But my main criticism of Six Angry Girls comes down to the depiction of feminism. I LOVE how Kisner tried to portray all of the feminism, patriarchy-smashing, and nonviolent protesting, but it all seemed…somewhat shallow. There were a variety of issues covered (sexism, homophobia, transphobia, etc.), but neither of them were discussed beyond the surface level, giving it an almost shallow appearance. The mock trial and knitting plots felt loosely tied together, and almost entirely unrelated, and I found myself wondering why the two plots existed. Raina’s and Millie’s stories could have frankly worked as two separate books, and that would have made for a lot less confusion.

And the motives behind most everything seemed to be revenge, which I really didn’t like as it related to feminism. For me, feminism is about seeing injustices and inequality within a community, and fighting back against it. Sure, some of it is about getting back at the oppressor, but ultimately, it’s about creating an equal playing field. In Six Angry Girls, most of the motivations behind all of the plot points were centered around revenge–against Brandon (Raina’s cheating ex), against the Drama Club, and against the Mock Trial team. I’m sure Kisner’s intentions were good, but having the feminist aspects of the book being portrayed as more of a revenge plot than anything else didn’t sit well with me.

All in all, a light and diverse feminist YA that suffered from stilted dialogue, characters without purposes, and a depiction of feminism that was full of holes. 2.5 stars.

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Six Angry Girls is a standalone, but Adrienne Kisner is also the author of two other novels, Dear Rachel Maddow and The Confusion of Laurel Graham.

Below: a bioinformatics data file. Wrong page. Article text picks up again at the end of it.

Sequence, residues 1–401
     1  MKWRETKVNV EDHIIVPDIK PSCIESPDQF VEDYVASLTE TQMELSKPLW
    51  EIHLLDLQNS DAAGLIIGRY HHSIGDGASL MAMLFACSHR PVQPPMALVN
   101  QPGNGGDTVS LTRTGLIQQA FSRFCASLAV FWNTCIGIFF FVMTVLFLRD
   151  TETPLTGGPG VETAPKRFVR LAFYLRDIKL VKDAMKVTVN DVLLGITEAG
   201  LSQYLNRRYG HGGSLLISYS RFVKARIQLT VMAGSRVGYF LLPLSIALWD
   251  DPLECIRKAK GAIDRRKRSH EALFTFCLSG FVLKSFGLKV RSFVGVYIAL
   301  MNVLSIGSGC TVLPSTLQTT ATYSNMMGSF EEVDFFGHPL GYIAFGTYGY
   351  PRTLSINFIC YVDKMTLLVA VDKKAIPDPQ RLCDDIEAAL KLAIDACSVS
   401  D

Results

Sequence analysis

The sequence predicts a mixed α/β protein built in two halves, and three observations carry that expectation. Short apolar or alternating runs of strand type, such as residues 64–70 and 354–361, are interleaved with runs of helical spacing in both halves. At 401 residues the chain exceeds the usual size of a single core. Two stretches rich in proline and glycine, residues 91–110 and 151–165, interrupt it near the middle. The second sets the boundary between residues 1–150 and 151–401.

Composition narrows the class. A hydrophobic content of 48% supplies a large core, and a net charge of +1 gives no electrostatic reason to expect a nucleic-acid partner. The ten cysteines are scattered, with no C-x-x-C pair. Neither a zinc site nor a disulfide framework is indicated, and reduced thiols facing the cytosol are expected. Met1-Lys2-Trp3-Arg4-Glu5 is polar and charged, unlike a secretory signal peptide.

Today’s song:

GAAAH…I’ve been listening to this one since I finished the season finale of Fargo last night…when I tell you that this scene made me SOB…(YOU CAN GUARANTEE A REVIEW ON MY END OF THIS SEASON OF FARGO THIS WEEK!)

That’s it for this week’s Book Review Tuesday! Have a wonderful rest of your day, and take care of yourselves!

Posted in Books

YA Reads for Asexual Awareness Week

Hi again, bibliophiles!

I’m so glad that we have a snow day…I was trying to find a good day to fit this post in, and now we have the perfect opportunity!

As some of you know, this week, October 25-31, is Asexual Awareness Week, or Ace Week for short! The whole week is meant to celebrate everyone on the asexual spectrum (asexual, aromantic, demisexual, and more) and spread awareness about the community. All too often, this community is unjustly discriminated against, even in LGBTQ+ spaces, which never fails to break my heart. Well, if I haven’t made myself clear enough, I’ll just go out here and say that everybody on the asexual spectrum is so loved, so valid, and so beautiful!

For more information about all this, check out the official website for Ace Week!

Positive Love GIF - Positive Love Asexual - Discover & Share GIFs

So for the occasion, I decided to compile a list of YA books with characters all over the asexual spectrum–among them on this list are characters who are asexual, demisexual, aromantic, and more. Thing is, SHAME ON ME FOR NOT READING ENOUGH ASPEC LITERATURE. I try my best to, and I found some examples, but not enough ones that I’ve actually read to make a substantial list. So, the first half of this post is ace books that I’ve read, and the other half is ace books that are on my TBR.

Let’s begin, shall we?

THE BOOKISH MUTANT’S YA READS FOR ASEXUAL AWARENESS WEEK

BOOKS THAT I’VE READ:

The Sound of Stars, Alechia Dow

Amazon.com: The Sound of Stars (9781335911551): Dow, Alechia: Books

GENRE: Science fiction, dystopia, romance

REPRESENTATION: Ellie (protagonist) is demisexual and biromantic, in a straight-passing relationship